Amber Winkler, Fordham's VP for Research, recently traveled China as a Senior Fellow with the Global Education Policy Fellowship Program (GEPFP). She'll be passing along her observations on education in the People's Republic with periodic ?Postcards from China.?
I've now had the opportunity to sit and peek in several schools and classrooms in Beijing, Shanghai, and Xi'an. I knew upfront that the Chinese were only going to show us what they wanted us to see--and that's proven true. In all three cities, we visited some of the best public and private schools they had to offer. Naturally, our study group is left wondering what education looks like for rural children outside the city borders and for "migrant" youngsters within city limits.? We'll keep wondering.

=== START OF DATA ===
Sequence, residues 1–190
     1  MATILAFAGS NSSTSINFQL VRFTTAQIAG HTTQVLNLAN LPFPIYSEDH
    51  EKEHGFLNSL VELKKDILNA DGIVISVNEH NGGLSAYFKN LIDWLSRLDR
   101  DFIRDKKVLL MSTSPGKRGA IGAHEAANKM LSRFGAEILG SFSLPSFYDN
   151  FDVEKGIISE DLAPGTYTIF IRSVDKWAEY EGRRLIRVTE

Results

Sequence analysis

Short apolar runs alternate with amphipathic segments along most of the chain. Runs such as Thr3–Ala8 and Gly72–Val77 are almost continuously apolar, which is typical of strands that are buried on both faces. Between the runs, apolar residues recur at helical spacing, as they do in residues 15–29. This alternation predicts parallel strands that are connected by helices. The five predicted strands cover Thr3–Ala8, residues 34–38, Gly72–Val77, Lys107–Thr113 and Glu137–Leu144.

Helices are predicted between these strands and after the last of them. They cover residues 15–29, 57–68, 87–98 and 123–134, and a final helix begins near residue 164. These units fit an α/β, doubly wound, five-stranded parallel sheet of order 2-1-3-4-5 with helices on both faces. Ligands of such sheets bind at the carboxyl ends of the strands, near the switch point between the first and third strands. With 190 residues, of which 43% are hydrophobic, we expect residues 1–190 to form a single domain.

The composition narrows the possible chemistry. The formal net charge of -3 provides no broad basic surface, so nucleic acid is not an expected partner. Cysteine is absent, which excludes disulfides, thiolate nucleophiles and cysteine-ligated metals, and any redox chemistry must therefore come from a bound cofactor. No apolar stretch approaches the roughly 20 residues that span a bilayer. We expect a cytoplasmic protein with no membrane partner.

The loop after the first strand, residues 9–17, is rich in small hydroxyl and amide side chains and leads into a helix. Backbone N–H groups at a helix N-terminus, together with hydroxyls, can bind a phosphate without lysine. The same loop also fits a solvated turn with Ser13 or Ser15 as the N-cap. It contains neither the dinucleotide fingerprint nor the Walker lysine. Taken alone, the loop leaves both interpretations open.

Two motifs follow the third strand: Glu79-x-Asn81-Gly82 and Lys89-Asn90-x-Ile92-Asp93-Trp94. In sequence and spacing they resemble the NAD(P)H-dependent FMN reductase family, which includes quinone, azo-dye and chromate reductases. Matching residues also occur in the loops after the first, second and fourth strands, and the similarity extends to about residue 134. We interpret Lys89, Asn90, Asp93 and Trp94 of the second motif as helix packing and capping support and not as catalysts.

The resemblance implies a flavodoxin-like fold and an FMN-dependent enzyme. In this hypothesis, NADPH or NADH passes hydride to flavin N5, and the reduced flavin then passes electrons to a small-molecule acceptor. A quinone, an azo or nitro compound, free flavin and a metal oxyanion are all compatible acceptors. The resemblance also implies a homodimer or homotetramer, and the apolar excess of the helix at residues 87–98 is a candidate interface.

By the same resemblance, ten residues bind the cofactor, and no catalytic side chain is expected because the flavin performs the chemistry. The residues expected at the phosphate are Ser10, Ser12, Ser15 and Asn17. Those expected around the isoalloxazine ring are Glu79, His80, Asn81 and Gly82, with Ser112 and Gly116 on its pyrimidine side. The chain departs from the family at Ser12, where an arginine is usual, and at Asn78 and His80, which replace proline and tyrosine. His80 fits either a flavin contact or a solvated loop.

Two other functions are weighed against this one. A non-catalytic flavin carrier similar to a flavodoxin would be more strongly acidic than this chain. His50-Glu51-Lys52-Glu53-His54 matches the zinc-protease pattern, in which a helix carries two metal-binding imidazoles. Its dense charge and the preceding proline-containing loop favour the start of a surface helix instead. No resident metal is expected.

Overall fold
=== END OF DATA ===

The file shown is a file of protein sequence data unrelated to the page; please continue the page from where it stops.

Still, I have a feeling that what I witnessed in these top-tier classrooms, specifically in terms of student and teacher behaviors, is rather typical of China as a whole.? These private and public institutions--a mixture of elementary, middle, and high school grades--shared some common characteristics, most of which Western educators have heard before about Chinese education. I'll expound on two.
First, Chinese teaching is dominated by direct instruction. Mostly...